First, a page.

Date of Award

Summer 8-11-2011

Degree Type

Dissertation

Degree Name

Doctor of Philosophy (PhD)

Department

Counseling and Psychological Services

First Advisor

Dr. Catherine Chang

Second Advisor

Dr. Greg Brack

Third Advisor

Dr. Phyllis Gerard

Fourth Advisor

Dr. Joanna White

Abstract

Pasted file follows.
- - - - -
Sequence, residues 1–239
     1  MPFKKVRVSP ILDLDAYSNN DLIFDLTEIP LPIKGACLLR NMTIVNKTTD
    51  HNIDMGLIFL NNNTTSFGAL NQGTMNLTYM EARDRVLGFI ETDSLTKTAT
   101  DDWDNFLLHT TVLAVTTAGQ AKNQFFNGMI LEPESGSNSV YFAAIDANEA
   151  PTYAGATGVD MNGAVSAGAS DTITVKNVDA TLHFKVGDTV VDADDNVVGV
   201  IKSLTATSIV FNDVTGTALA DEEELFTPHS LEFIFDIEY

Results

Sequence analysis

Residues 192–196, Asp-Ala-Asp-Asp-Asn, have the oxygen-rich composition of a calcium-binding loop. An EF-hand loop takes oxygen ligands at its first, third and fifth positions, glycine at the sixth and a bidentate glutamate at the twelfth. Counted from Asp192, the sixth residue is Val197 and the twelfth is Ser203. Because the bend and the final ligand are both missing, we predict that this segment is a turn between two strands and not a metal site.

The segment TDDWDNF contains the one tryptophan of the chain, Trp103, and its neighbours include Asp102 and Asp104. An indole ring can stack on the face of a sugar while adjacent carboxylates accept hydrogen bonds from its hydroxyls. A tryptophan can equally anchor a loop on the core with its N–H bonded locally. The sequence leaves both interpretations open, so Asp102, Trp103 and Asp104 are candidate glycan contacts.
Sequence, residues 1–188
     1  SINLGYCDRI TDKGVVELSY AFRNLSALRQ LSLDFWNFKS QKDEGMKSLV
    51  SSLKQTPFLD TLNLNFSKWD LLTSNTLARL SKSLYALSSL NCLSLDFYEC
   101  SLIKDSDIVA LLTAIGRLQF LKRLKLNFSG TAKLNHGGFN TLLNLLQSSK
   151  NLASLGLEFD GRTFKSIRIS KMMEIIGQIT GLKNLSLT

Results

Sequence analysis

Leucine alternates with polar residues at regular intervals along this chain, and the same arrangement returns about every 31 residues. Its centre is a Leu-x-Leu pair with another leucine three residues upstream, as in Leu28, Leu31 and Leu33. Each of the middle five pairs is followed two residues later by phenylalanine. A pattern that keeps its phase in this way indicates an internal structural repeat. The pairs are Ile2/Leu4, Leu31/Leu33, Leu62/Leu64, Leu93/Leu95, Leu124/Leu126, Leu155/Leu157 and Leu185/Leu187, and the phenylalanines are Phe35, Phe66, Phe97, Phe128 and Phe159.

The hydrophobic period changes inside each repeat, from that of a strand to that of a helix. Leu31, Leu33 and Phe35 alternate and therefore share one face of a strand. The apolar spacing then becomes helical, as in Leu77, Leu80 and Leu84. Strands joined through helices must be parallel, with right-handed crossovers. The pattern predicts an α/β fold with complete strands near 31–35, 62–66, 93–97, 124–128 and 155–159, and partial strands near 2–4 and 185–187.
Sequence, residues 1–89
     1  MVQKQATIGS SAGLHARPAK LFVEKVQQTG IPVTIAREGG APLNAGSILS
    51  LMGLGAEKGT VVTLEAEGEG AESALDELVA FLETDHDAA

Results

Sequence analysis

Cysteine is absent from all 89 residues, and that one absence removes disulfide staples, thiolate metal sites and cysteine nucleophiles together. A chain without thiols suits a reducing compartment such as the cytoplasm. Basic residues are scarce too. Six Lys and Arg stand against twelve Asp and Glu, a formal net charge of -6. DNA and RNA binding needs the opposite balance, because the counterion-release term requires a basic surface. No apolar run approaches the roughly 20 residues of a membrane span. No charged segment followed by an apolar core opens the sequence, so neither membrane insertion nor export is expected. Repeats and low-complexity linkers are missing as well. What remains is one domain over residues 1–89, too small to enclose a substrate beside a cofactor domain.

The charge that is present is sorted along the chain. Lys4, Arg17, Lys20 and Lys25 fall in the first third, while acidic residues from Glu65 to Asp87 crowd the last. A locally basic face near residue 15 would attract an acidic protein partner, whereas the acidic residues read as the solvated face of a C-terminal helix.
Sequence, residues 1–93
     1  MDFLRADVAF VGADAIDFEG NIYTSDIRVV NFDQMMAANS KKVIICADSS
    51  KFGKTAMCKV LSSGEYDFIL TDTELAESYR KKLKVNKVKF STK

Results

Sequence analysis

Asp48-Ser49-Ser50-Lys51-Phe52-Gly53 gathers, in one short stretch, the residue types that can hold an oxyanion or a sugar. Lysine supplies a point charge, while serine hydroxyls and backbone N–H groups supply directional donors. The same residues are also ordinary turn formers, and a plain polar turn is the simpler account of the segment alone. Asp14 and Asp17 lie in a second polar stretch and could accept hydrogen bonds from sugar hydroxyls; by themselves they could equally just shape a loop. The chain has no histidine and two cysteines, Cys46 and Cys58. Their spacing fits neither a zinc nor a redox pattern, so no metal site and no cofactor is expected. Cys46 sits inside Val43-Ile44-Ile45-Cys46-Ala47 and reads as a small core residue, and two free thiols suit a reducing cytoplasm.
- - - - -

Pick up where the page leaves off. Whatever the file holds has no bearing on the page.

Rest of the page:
A concern following school counselors participation in professional training is whether or not they are able to implement information learned. One such professional training that school counselors attend is Adventure Based Counseling (ABC). ABC groups are effective for addressing a myriad of concerns with young people. ABC groups address problem-solving skills, self-esteem, responsibility, goal setting, cooperation, and interpersonal skills. Although many school counselors have participated in ABC training, there is a lack of research that supports whether they are actually utilizing these techniques with their students. Additionally, current research does not provide information as to how training programs and school dynamics may be improved to allow for increased utilization of ABC with students; therefore, the purpose of this study is to understand the barriers that inhibit and the factors that support school counselors' ability to implement information learned from Professional Trainings, with a focus on ABC training. This qualitative study took a phenomenological approach, with a constructivist philosophical stance. Data sources included interviews with school counselors, which provided descriptions of their Professional and ABC training experiences and reasons for either using or not using Professional and ABC activities. The themes included What Professional and ABC training sessions school counselors attended and What they are implementing that they learned from these sessions. In addition, school counselors' various reactions to Professional and ABC training, such as Choice, Type of Delivery, Presenter Qualities, Time and Applicability were delineated. Results also included information pertaining to the Impact and Logistics of using information learned at Professional and ABC trainings. The results of this study may have important implications for school counselors, counselor educators, and administrators related to the implementation of skills learned from Professional and ABC training experiences. Implications for future research and limitations of this study are discussed.

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